Iranian intelligence agents plotted to kidnap a U.S.-based human-rights activist and critic of the Islamic Republic and forcibly return her to Iran, federal prosecutors said, marking an escalation of Iran’s attempts to silence dissidents around the world.
The alleged scheme targeted
an Iranian-American who has used her social-media profile, Western government contacts and cable news appearances to rally opinion against Tehran’s treatment of women and the government policy of compulsory head scarves.
In an interview, Ms. Alinejad, who lives in Brooklyn, said federal agents informed her of the alleged kidnapping scheme last year and told her it was the first known attempt by Iranian officials to carry out a kidnapping plot on American soil.
On Tuesday, federal prosecutors announced the kidnapping conspiracy charges against an Iranian intelligence official, Alireza Farahani, and three Iranian intelligence assets, all of whom remain at large in Iran. It couldn’t be determined if the men have U.S. attorneys.
A fifth individual, Niloufar Bahadorifar, a California resident, was charged with providing financial services that supported the kidnapping scheme and conspiring to commit fraud, money laundering and sanctions violations, though she isn’t charged with the kidnapping plot. Ms. Bahadorifar’s attorney declined to comment.
The Iranian government tried to lure Ms. Alinejad to Iran through her relatives, prosecutors said. When her family refused, Mr. Farahani’s intelligence network paid investigators to surveil and record Ms. Alinejad and her family in Brooklyn. They also researched ways to sneak Ms. Alinejad out of the U.S., including a plot to abduct her to Venezuela before bringing her to Iran, according to the indictment.
“My goal was to come to the land of opportunity, not be harassed by my own government in New York,” Ms. Alinejad said. “That shows how much they’re scared of me.”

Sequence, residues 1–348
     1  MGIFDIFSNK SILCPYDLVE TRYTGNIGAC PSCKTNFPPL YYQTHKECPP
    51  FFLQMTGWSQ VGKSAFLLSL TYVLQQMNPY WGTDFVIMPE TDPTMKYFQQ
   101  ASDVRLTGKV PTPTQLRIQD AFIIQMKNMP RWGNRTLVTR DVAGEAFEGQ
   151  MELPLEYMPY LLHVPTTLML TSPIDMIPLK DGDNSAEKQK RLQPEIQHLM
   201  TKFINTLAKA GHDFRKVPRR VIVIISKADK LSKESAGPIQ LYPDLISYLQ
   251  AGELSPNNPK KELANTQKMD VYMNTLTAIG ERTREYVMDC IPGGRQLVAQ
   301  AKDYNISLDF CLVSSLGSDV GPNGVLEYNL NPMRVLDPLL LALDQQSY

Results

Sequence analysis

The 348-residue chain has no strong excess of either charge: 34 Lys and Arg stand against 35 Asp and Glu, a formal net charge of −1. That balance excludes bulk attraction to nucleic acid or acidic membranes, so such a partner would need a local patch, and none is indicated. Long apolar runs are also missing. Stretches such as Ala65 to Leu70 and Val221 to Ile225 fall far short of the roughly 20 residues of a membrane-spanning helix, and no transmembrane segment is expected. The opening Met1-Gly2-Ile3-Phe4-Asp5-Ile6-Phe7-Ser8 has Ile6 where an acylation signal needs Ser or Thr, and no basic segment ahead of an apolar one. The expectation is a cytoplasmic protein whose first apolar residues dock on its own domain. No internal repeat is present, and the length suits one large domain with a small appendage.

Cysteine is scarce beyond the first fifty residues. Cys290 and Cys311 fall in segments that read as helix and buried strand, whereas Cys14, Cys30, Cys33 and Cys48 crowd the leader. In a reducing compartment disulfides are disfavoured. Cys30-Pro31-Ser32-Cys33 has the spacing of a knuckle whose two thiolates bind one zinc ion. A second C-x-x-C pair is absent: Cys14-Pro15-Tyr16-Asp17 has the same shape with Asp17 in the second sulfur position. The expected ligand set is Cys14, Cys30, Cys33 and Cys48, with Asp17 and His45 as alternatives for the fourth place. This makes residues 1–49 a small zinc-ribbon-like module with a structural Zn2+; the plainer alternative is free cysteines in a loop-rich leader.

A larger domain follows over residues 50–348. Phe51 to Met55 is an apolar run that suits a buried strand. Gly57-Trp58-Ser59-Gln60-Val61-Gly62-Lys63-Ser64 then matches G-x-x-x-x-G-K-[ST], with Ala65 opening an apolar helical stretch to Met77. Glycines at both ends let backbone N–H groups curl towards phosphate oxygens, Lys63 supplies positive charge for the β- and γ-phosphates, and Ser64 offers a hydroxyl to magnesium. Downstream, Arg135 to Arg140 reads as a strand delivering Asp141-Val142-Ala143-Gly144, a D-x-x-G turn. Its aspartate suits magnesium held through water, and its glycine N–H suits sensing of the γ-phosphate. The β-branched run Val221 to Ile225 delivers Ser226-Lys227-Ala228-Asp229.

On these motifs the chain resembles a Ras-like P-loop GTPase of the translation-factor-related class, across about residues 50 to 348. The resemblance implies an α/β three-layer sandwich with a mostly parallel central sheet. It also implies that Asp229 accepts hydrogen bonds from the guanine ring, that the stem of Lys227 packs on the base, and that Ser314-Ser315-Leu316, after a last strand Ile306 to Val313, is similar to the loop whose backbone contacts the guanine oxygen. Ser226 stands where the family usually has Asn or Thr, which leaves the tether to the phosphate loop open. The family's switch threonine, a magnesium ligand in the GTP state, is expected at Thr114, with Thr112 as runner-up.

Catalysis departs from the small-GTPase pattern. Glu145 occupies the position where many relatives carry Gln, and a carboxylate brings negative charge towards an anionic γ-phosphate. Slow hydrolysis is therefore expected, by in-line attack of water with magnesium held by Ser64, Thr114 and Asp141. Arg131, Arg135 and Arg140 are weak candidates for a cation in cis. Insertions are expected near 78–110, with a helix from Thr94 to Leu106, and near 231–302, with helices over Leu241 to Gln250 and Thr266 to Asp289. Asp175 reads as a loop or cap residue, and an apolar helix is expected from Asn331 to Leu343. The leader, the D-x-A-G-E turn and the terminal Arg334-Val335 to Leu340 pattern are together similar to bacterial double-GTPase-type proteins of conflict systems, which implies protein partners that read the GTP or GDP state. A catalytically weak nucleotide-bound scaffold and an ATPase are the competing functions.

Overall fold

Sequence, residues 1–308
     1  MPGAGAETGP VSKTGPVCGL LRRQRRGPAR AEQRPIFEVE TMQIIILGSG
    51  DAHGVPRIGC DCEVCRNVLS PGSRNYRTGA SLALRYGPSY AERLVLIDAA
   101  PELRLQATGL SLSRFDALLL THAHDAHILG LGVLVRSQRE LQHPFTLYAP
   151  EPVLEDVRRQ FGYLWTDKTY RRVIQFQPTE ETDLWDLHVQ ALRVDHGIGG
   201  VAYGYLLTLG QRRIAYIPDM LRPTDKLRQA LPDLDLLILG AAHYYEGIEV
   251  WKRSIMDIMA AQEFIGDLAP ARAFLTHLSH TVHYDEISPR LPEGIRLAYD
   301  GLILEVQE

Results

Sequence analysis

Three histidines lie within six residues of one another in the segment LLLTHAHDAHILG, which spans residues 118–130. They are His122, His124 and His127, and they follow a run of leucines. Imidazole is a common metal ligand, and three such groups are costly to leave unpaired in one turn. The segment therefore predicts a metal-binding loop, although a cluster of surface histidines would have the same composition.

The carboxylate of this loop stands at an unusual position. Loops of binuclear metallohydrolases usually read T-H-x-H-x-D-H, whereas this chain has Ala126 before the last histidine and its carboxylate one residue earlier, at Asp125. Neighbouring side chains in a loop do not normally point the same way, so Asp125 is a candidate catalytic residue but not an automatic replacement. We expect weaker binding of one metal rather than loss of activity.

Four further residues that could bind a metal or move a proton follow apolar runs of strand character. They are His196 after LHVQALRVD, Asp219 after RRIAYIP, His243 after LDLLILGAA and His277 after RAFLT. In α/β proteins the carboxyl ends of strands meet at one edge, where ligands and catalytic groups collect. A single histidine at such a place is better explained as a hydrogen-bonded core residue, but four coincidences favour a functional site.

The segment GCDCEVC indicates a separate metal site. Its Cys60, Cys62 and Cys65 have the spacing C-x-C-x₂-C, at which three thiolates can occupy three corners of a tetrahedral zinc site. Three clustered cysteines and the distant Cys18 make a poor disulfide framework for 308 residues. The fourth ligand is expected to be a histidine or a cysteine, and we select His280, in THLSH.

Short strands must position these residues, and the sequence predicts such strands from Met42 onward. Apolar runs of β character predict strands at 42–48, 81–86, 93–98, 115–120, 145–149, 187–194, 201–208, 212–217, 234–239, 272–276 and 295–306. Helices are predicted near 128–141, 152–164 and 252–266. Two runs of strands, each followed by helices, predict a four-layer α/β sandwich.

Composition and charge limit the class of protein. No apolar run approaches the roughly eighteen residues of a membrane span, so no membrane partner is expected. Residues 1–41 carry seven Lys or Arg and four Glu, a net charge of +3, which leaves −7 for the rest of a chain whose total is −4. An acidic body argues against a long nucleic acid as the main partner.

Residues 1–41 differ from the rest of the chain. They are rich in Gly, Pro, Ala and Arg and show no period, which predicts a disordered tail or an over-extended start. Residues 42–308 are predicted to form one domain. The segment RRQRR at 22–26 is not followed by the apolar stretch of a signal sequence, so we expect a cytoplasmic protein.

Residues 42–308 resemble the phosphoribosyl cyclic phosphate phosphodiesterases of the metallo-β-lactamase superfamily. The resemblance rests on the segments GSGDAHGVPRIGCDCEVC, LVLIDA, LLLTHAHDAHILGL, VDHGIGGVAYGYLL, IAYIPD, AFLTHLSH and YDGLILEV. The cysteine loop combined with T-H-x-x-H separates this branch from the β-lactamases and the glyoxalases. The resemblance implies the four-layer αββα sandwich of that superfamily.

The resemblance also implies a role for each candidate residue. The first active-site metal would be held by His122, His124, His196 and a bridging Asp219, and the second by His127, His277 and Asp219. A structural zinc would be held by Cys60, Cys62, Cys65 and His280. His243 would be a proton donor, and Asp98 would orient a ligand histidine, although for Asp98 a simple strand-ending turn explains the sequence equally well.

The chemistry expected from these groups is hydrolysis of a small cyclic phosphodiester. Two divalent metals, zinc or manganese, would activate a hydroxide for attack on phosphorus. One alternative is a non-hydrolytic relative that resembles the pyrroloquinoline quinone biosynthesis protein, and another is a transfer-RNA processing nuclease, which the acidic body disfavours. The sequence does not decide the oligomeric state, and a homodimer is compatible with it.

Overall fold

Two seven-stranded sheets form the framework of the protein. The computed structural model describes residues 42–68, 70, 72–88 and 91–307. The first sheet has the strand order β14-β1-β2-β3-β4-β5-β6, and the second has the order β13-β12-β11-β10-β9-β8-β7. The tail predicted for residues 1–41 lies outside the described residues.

The New York charges represented the latest reported attempt by Iranian intelligence to capture foreign-based critics and return them to Iran. Tehran has targeted dual nationals like Ms. Alinejad amid simmering tensions with the West over the country’s nuclear program and civil unrest at home.
Iran executed France-based journalist Ruhollah Zam in December, after he was abducted by Iranian forces and sentenced to death for inciting antigovernment protests in 2017.
The execution of Mr. Zam, who ran a popular news channel on the Telegram messaging platform that he used to share news and logistics involving antigovernment unrest in Iran, showed the willingness of Iranian authorities to defy international opposition in its suppression of the country’s media and opposition activists, and demonstrated the reach of its intelligence services beyond the country’s borders.
A spokesman for Iran’s U.N. Mission in New York didn’t immediately respond to a request for comment.
Ms. Alinejad said she assisted with the federal investigation and was moved to a safe house for several months. She said she had viewed surveillance photos taken of her and her home in Brooklyn that were intercepted by law enforcement.
The Iranian government arrested her brother who remained in the country last year and sentenced him to eight years in prison for her activism, the indictment unsealed Tuesday said.
Ms. Alinejad receives videos from Iran of women being harassed, taking off the hijab covering and of protests, which she posts to her widely followed social-media accounts, bringing attention to the issues. The Iranian government has previously threatened a decade of imprisonment for dissenters who share videos that are considered against the regime. Still, Ms. Alinejad said, she continues to be bombarded with footage.
Ms. Alinejad, who works for U.S. government-funded international broadcaster Voice of America, wants to meet Biden administration officials to advocate for Iranian women. During the Trump administration, in 2019, she met with Secretary of State
“I’m not going to give up,” she said.
Federal Bureau of Investigation Assistant Director William Sweeney said the FBI would work with international partners to bring the Iranian suspects to the U.S. for prosecution.
—Corinne Ramey contributed to this article.
Write to Deanna Paul at firstname.lastname@example.org
Corrections & Amplifications
Niloufar Bahadorifar is female. An earlier version of this article incorrectly referred to the defendant as male. (Corrected on July 13, 2021)
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